white-knight-2To fully save Knox, the dual media images of guilt and sexual promiscuity needed to be confronted.  To deal with the image of guilt, Knox’s questionable reactions after the murder are swapped out with Pisa’s clear lack of empathy. The film cuts between Pisa’s statements on orgasmic headlines with scenes from Meredith’s funeral, putting Nick Pisa’s amorality at center stage. He becomes the wolf in pursuit, preying on innocent victims for his own gratification.  Knox’s own insensitive actions after the murder are replaced by the actions of someone who responded even worse.

At this time, Meredith’s death, shown in images of the funeral, becomes simply a temporary stand-in for Knox, and Meredith is quickly replaced on the way to Knox’s eventual redemption. Knox’s sex life becomes the topic of Pisa’s reporting, and the film similarly replaces Meredith’s death with Knox’s victimization by tabloid media. By the time Pisa makes the claim that the HIV test result was a ploy, Knox has almost fully replaced Meredith as the victim, and Pisa has replaced Mignini as the primary evil pursuing Knox. Even though Pisa admits himself that much of what he wrote was false, audiences are quick to latch onto Pisa’s newest salacious statement that the HIV test result was a deliberate ploy to get and publish Knox’s sex partner list. The implication is clear- Amanda is being pursued by Pisa and the tabloid media because of her sexual promiscuity.nxj6s

Meredith is reduced to an afterthought in Amanda’s tale; Meredith is not the one needing saving now. She doesn’t even warrant a R.I.P.  mention in the film’s conclusion.

The filmmakers have disclaimed any role in constructing a narrative by stating they have simply let the subjects of the film a free and open space to say what they wanted to say. The production of a feature film, instead of an interview, obviously involves many decisions. This is where the narrative is constructed; whether through deliberate storytelling on the part of the filmmakers or, as may be the case, inadvertently through their own background and assumptions. They filmmakers stated they ‘started with the final supreme court ruling and worked backwards;’ which privileges Knox’s story and appearance in the film. The film takes the Supreme Court’s statement on “media pressure” and swaps in Pisa’s tabloid reporting on “Foxy Knoxy.” Musically, the film could have replaced the score with Prokofiev’s “Peter and the Wolf,” to the same effect. Instead of contrasting Meredith’s funeral with  Knox’s diary writing that she “could kill for a pizza” (made days after the murder), the film instead edits the funeral together with Pisa’s pursuit of headlines over any sense of humanity for lost life. And-as the directors later state-they didn’t have a film without Mignini, the target of many of Knox’s US supporters.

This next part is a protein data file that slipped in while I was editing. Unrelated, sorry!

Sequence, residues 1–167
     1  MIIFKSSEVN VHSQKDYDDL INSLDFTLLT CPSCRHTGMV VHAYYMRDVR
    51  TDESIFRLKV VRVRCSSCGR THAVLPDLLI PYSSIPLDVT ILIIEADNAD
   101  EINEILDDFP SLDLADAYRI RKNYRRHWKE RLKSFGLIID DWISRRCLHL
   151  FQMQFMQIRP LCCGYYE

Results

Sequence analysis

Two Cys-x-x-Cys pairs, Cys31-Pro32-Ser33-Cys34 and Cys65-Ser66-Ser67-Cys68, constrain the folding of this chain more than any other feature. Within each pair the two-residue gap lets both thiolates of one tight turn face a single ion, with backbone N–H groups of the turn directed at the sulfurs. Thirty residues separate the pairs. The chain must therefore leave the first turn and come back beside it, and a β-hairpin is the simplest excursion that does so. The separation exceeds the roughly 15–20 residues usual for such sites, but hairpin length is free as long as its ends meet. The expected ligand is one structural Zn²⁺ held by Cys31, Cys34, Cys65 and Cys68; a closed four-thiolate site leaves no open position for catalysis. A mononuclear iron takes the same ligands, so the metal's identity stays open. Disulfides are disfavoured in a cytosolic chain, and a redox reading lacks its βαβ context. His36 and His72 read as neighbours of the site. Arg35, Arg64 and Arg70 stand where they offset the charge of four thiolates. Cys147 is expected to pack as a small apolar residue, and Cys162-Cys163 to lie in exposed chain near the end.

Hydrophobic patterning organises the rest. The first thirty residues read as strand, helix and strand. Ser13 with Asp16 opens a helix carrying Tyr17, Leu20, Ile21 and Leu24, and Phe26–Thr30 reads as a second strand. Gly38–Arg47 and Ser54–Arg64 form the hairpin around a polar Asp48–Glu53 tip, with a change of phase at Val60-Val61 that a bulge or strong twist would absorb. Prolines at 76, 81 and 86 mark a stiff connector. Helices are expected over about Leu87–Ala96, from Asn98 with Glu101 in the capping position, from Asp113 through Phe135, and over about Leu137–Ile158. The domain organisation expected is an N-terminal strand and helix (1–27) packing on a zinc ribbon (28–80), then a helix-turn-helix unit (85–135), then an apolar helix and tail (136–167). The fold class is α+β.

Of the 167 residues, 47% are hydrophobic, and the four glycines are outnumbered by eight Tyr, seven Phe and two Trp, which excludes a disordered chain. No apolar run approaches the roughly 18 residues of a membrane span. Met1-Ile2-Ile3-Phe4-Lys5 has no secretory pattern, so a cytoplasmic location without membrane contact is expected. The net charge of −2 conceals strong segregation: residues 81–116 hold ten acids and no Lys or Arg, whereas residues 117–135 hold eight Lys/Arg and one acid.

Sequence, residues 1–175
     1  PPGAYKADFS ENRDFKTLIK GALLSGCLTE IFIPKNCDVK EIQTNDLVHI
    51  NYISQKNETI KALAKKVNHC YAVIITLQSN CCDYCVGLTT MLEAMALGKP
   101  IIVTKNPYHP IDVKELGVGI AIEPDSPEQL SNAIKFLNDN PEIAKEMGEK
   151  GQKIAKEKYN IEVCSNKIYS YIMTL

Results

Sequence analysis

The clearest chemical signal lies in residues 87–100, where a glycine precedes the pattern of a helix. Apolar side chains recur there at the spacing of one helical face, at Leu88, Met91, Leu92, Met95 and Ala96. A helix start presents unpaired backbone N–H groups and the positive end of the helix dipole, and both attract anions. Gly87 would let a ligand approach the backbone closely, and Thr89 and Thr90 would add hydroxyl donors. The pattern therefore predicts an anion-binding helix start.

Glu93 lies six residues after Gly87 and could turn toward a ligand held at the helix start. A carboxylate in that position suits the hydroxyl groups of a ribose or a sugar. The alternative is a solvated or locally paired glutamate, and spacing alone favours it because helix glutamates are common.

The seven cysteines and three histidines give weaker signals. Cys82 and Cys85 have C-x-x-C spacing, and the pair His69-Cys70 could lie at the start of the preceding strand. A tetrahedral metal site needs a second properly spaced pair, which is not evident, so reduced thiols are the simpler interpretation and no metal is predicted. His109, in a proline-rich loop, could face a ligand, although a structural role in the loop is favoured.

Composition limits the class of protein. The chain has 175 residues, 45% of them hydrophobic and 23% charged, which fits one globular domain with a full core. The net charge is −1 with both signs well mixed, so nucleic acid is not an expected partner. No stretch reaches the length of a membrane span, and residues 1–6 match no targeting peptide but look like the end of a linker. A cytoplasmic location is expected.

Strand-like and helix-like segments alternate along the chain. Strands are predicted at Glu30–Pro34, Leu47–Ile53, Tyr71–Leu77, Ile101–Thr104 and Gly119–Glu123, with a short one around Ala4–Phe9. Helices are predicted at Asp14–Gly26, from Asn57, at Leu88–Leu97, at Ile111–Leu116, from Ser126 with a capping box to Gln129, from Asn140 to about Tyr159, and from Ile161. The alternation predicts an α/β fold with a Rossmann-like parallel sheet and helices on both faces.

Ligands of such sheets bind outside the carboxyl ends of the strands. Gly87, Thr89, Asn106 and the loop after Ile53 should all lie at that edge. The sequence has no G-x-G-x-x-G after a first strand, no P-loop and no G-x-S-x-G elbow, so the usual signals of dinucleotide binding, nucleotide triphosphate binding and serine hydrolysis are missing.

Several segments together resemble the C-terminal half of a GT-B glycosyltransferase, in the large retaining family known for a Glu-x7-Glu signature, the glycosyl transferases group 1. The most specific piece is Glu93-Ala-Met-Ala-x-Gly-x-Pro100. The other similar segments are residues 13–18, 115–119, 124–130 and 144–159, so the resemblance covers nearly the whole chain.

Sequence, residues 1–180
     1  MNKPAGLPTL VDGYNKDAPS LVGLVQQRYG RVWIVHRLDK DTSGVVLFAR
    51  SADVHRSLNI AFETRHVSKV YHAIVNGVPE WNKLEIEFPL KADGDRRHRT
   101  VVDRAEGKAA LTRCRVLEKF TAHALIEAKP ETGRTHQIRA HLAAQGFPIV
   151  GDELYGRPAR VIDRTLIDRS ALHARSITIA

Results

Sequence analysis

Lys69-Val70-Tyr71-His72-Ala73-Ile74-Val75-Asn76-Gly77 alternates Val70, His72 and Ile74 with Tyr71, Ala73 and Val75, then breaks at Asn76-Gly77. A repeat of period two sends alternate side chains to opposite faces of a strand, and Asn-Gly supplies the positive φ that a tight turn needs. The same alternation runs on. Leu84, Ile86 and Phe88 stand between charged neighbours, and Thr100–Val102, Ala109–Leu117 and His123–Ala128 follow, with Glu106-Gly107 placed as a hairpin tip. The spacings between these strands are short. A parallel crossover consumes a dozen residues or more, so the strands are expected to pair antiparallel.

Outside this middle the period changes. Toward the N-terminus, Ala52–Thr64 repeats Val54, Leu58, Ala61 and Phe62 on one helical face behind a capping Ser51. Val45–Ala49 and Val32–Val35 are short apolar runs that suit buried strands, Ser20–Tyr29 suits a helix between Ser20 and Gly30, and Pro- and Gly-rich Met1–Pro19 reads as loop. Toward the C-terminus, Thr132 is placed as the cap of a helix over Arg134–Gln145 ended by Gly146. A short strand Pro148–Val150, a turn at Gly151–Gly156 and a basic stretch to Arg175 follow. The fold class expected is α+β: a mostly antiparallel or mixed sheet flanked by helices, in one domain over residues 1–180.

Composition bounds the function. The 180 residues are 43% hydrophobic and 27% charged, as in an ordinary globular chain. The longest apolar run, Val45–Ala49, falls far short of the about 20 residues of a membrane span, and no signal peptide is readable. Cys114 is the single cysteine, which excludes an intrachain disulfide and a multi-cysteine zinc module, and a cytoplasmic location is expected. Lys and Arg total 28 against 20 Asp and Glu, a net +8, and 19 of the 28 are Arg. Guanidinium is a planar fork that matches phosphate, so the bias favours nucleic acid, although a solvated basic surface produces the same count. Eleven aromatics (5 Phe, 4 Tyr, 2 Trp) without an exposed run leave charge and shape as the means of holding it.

abc.pngA successful narrative is as much a process of exclusion as it is of inclusion, and the film makes several significant omissions. One key omission is the ruling from the Nencini appeals court, which contradicts the film’s narrative of the damsel in distress. The Nencini court was the second court to uphold the conviction of Knox and Sollecito, and Mignini had nothing to do with it. Judge Nencini harshly criticizes the independent experts Conti and Vecchiotti who appear in the film. The film reduces this appellate hearing to a quick 10 second screen mention.  During the appeals, the focus in the US was still on Mignini. Commentators on news sites in the US blamed Mignini for ‘retrying Amanda until he got the ruling he wanted,’ thus American audiences were primed to accept this story of redemption.

patrick-lumumba_1361210cOne person excluded from the film is Patrick, the Congolese man Knox blamed for the murder after about about two hours of questioning on the evening of November 5th. The filmmakers chose not to go from Perugia to Poland, where Patrick resided after losing his business in Italy. Patrick would have offered a more nuanced telling of the story. But ultimately, the black man who lost his business due to Knox’s accusations destabilizes the narrative of the woman in distress.

Rudy Guede, who had an apartment near Raffaele, is also almost entirely left out of the film. Guede is the only person serving a sentence for Meredith’s murder. The film’s editing suggests that Guede changed his story and blamed Knox to get a reduced sentence; again reinforcing the pursuit of Amanda as the central theme.

The film presents Mignini as a moralistic Ahab; except Mignini’s monsters that he chases endlessly are everywhere. Mignini’s statement when looking at the brutality of Meredith’s murder- “was it a monster that did this”-  becomes an indictment of his own pursuit. Instead of the film presenting a richer view of the evidence that led a trial court and an appellate court to convict Knox and Sollecito, the film concludes with a religious commentary from Mignini: final judgement will not come in this lifetime, but in death.